I can think of a lot of guys over the years that the Oilers have traded away that fit into this category – guys like McAmmond or Maltby. Maltby was a third rounder so there was a bit of a difference there. The problem I see is that it has been a long time since I’ve seen the Oilers aquire one of those type of players – higher draft pick by another team that falls short of expectations but becomes a great third liner. Eager has been a miss so far. Belanger had a solid body of work but last year was a big disappointment. This is one area where the Oilers need to get better.

    Agree with OilLeak that drafting scorers that can become checkers might be a better bet than drafting pluggers and hoping they develop some offence.

    I’d really like to see the draft age raised by a year… would be nice to be a bit more certain about what you are getting. Brodziak is a good example of a player who would have probably gone 5 rounds higher one year later.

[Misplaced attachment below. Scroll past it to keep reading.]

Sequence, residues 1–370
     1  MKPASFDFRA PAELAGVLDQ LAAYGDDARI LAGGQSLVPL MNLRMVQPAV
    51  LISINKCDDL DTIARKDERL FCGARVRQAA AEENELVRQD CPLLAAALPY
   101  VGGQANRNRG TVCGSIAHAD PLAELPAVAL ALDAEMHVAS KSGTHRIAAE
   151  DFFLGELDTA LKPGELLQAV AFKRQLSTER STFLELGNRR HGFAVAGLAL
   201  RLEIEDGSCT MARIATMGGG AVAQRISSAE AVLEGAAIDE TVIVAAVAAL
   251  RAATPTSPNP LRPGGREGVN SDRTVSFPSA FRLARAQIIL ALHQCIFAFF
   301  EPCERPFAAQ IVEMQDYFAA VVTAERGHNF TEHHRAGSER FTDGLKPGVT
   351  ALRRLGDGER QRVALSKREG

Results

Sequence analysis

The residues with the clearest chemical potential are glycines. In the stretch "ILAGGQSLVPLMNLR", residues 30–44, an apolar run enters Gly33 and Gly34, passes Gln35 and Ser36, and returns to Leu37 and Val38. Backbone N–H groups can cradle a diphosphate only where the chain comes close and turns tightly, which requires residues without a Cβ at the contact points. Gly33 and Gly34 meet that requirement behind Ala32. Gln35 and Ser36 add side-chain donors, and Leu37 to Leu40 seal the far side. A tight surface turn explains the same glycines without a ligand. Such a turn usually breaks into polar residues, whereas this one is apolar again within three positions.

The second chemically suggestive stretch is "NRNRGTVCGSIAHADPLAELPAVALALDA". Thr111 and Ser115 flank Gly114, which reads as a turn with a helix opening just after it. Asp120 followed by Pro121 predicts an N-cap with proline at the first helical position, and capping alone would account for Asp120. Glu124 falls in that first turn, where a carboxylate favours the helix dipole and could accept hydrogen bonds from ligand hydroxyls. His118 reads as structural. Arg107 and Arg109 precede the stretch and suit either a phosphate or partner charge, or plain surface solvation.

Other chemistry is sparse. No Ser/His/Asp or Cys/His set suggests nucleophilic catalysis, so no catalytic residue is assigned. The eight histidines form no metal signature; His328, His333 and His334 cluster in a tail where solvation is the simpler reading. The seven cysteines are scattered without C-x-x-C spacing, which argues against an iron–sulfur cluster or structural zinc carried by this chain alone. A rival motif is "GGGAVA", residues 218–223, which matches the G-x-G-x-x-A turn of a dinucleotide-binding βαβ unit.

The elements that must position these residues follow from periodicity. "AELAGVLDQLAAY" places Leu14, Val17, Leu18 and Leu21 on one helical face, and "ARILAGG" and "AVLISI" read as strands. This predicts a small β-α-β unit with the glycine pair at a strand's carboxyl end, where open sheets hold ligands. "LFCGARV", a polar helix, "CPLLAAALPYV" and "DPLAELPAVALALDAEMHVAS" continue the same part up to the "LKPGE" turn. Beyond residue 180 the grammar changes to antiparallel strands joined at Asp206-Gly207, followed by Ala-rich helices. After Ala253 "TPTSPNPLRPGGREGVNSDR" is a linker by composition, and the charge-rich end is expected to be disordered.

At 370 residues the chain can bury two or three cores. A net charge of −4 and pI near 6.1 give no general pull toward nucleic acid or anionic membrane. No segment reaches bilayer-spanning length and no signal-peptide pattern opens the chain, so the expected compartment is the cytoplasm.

30. VOR says:

    I thought up a simple little quiz.

    All the info you have is that the following stats belong to players who were all taken in the same draft year, and all had longer than average NHL careers. There isn’t a bad player among them. I have removed the dmen and the goaltenders. The numbers are for their draft year. All players were playing in tough leagues (major junior, or european pro). The first number is goals per game, the second number is points per game.